15
Jul

Representative Hockey: You just never know how close you really are!

By Inside the D Hockey

A real life story on a hockey player’s fight as to keep working hard regardless of the circumstances and disappointments along the way. Ignored by selectors as a junior he went on to prove them wrong. Whether we like it or not, players will come up against some disappointment in their playing careers.

In my time as a player and coach I’ve only seen a few players have what I would call a “smoother ride” than most in regards to representative selections in juniors and seniors and at some stage the majority of players will experience disappointment on not being selected in a representative team. Keeping this in in mind, it is important to have our young players deal with the disappointment and the adversity that comes with it in the right way by focusing on what they can control and the meaning they put to the disappointment.

I recently had breakfast with a high level player that I have known for a long time. I was fortunate enough to not only have played with this player on his way up in hockey but also to coach him at a senior level, but not once had I heard his “back story” on his success and rise to a national team selection. When we sat down and started to discuss the detailed insight of his journey as a junior representative player coming through the ranks I was blown away and the breakfast become an invaluable lesson to me as a coach and parent of young hockey players dealing with setbacks.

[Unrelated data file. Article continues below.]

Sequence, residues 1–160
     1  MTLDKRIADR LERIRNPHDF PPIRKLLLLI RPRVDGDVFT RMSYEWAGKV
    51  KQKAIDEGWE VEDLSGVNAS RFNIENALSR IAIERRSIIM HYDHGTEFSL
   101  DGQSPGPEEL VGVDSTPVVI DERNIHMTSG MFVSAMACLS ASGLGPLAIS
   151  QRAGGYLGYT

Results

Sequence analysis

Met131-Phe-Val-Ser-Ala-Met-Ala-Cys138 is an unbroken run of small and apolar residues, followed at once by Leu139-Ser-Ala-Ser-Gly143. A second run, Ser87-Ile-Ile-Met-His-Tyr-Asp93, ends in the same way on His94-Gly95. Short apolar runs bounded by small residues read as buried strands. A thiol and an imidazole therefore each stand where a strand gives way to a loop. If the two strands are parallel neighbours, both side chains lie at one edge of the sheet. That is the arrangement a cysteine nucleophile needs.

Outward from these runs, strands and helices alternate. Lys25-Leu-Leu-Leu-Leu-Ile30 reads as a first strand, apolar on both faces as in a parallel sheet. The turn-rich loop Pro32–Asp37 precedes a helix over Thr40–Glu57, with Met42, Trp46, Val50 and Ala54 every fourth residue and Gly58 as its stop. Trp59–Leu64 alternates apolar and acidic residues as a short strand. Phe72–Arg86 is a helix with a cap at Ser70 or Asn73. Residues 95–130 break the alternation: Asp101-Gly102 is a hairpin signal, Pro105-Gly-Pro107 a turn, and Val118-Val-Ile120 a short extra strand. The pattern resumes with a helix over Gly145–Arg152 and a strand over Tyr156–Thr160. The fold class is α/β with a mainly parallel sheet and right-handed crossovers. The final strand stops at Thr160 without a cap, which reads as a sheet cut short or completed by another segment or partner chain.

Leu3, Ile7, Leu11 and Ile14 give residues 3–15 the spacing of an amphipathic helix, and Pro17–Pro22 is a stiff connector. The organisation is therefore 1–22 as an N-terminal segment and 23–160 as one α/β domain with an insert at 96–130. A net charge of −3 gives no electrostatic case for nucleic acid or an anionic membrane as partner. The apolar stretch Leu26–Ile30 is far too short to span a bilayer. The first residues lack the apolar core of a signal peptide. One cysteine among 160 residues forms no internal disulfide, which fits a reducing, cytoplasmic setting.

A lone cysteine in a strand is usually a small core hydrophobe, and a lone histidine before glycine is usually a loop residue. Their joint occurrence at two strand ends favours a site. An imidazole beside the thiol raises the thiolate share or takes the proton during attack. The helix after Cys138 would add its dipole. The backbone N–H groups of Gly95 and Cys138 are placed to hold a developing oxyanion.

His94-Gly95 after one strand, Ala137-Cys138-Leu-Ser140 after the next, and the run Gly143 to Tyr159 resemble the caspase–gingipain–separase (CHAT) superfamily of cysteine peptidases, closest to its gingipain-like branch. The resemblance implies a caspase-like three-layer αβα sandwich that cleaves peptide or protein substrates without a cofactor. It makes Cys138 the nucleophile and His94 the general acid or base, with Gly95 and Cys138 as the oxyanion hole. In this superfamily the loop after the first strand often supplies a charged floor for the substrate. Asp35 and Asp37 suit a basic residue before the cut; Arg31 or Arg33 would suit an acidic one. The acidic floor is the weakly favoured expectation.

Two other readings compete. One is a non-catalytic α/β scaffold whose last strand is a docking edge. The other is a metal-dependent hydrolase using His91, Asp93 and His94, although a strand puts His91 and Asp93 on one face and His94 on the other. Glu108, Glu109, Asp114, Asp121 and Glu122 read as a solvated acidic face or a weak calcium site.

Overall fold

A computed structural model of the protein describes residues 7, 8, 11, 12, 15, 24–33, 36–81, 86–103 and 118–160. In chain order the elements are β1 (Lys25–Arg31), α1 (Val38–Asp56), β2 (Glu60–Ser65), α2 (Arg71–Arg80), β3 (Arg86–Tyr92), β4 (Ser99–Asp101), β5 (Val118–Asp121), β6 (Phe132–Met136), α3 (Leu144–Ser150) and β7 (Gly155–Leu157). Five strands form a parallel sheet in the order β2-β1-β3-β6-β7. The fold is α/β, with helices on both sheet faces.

During this player’s junior representative playing career which started in the U13 age group, the player was never seem as a “star” hockey player and was never selected in any of the number 1 area representative teams from U13’s through to U17’s. He was only ever selected in the 2nd, 3rd or 4th teams. In fact this player never made the top team until his last year in U17’s and it was in this team that he was given the opportunity to shine and show what he could do. It was in this team where things began to change pretty quickly with him suddenly making the State U17 team for the very first time and surprising a few people along the way who were wondering where this player had come from. The irony of it all was that he had always been there but just overlooked all the time. To his club teammates it wasn’t a surprised because they always knew that he had solid skills for receiving and passing, was very fit, fast and could play hockey.

From here, things only started to look up for this player and whilst sitting at work a few months later he received a phone call by the State Institute coach about some games that his country were playing in for the Youth Olympics against India in his city. The national team had an injury to one of their key players and he was asked whether he would be able to fill in for the team that evening. He asked his boss whether he could leave work and go play and lucky his boss said yes. Five minutes later he was heading home to grab his playing gear to get ready to play for his country for the first time, 3 hours later he was at the ground in the national uniform and playing for his country for the very first time. Feedback after the match from the sport psychologist for the national team was that he could not believe how well he played under pressure and considering he was sitting at his desk at work only 3 hours before hand.